Few photos exist of Greenwood prior to the massacre. This north-facing view shows the neighborhood in 1917. Photo courtesy of Tulsa Historical Society
African American veterans came home to more severe racism and rampant lynching than they’d left behind—but with a new resolve to battle segregation. Many whites saw them as a threat to the status quo of Jim Crow laws. Twenty-five riots, eighty-three known lynchings, and the massacre of two hundred African Americans in Elaine, Arkansas—a mere six hours from Tulsa—occurred between April and October of 1919. The Red Summer, as this period is known, was a time of brutal assaults generally initiated by rogue white civilians and veterans upon black veterans. These white servicemen had help from a reinvigorated Ku Klux Klan, and their victims also included African American women and children. Tulsa’s city government contained many Klan members, and the city was a buzzing hive of KKK activity, inflaming racial tensions.
Nineteen-year-old Dick Rowland shined shoes at the Ingersoll Recreational Parlor at Third and Main streets. The owner arranged for his employees to use the bathroom on the top floor of the Drexel Hotel across the street. Elevator operators usually were white women, and seventeen-year-old Sarah Page ran the lift at the Drexel.
John D. Mann owned Mann’s Grocery store in the 1920s, which was located at 820 North Greenwood Avenue prior to being burned down. He relocated to King Street after the massacre. Photo courtesy of Tulsa Historical Society
“One Monday noon, the 30th of May, he came running home, breathless, and said that the police were after him for what had just occurred,” said Dick’s aunt, Damie Rowland Ford. She cared for the young orphan and told his story in a 1972 audio recording that was transcribed in the book 1921 Tulsa Race Riot and the American Red Cross, “Angels of Mercy:” Compiled from the Memorabilia Collection of Maurice Willows, Director of Red Cross Relief by Bob Hower and Maurice Willows. “He had just delivered some shoes upon the third floor of the Drexel building to a customer, had used the restroom, and when leaving, he got into Sarah Page’s elevator to go back down. But she hadn’t gotten the elevator even with the floor, so he tripped and stepped on her instep. She was so mad at him for hurting her foot that she pounded him again and again on the top of his head with her leather purse, vigorous enough to break off its handles. He said, ‘I reached up to hold her arms back and prevent her from pounding my head, and held them there. When the elevator reached the ground floor lobby, Sarah screamed, ‘I’ve been assaulted!’”
When a clerk from the nearby Renberg Clothiers tried to nab Rowland, he fled.
“I outran him and fled here,” Rowland said to Aunt Damie once he got to her home. “I’ve gotta hide until tomorrow.”
Rowland was arrested and jailed the next day, the same day the Tulsa Tribune carried a headline on its front page that read, “Nab Negro for Attacking Girl in Elevator.” The Tribune also published an editorial with a headline that read, “To Lynch Negro Tonight,” though the piece was pulled before the print run was completed. By dinnertime, a crowd of more than three hundred whites had gathered at the courthouse where Rowland was held. Sheriff Willard McCullough, after ordering three white men to leave the building, commanded the mob to disperse. A group of twenty-five to thirty black men gathered in Greenwood, all armed, and went downtown to defend the jail. The police told them Rowland was safe, and they left. The white men lingered, and several attempted to break into the armory for rifles and ammunition. By 10 p.m., an estimated 1,500 white men were in front of the courthouse. Hearing of this, seventy-five black men returned.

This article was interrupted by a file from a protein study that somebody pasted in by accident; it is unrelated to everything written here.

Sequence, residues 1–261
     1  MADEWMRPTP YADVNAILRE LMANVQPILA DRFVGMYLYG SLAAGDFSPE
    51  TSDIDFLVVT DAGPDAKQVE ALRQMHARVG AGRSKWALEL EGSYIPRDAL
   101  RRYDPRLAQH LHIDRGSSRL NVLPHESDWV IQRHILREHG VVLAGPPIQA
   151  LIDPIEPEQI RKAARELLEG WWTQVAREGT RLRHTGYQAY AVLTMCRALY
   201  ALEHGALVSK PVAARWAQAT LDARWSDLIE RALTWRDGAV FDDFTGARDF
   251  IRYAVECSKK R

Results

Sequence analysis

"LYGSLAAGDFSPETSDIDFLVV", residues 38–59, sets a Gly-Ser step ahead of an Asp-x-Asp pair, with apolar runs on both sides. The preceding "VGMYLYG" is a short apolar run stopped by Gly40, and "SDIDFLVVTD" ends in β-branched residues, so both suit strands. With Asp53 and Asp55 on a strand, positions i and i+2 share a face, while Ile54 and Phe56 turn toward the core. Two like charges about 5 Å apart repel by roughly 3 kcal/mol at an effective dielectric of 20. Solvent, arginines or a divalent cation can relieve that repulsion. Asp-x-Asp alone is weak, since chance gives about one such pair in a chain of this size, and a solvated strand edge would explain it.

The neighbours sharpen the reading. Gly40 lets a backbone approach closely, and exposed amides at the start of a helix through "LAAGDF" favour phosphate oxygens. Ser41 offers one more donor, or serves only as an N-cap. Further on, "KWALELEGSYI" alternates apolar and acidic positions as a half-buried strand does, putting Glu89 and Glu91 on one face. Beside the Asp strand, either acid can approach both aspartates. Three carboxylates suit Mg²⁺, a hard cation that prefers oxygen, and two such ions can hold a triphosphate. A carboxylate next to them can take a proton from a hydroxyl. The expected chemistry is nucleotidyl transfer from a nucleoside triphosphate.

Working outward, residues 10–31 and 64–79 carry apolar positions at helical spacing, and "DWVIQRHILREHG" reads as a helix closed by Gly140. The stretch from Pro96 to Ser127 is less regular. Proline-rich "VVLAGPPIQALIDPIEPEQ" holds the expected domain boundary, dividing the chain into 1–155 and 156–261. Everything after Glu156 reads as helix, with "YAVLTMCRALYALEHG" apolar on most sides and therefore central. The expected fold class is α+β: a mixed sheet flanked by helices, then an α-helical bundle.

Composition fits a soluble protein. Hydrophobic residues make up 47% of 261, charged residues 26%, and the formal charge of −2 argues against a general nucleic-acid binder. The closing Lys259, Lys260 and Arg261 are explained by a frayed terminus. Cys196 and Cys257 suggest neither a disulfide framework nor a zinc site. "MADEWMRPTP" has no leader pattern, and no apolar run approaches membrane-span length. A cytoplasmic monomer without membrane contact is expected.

Barney Cleaver, Tulsa’s first black police officer, pleaded with his fellow Greenwood residents to leave. As they prepared to retreat, a white deputy approached a black veteran and demanded his Army-issue .45-caliber pistol.
“Like hell I will,” the veteran answered.
The men struggled. A shot was fired.
And so it began.
This photograph was taken from the roof of what was then the fourteen-story Cosden Building in downtown Tulsa—now the Mid-Continent Tower—during the Tulsa Race Massacre. Photo courtesy of Tulsa Historical Society
The NAACP’s Walter White reported that twelve people were shot in the exchange outside the courthouse, including a black man whom the white vigilantes refused to allow white doctors to assist. Through the gunfire and chaos, the outnumbered black citizens retreated to Greenwood as the Tulsa police deputized throngs of white men. A light-skinned black man who could pass for white attended a meeting of these special deputies then made his way home to alert the community of the planned invasion. White men, led by local public officials, broke into hardware stores and pawn shops to steal guns and ammunition on their way to Little Africa. The first fire took place at the corner of Archer Street and Boston Avenue, the western border of Greenwood, at 1:30 in the morning on June 1. Hundreds of white men shot at the local fire department, forcing firefighters to flee the scene, preventing them from putting out the fires to come.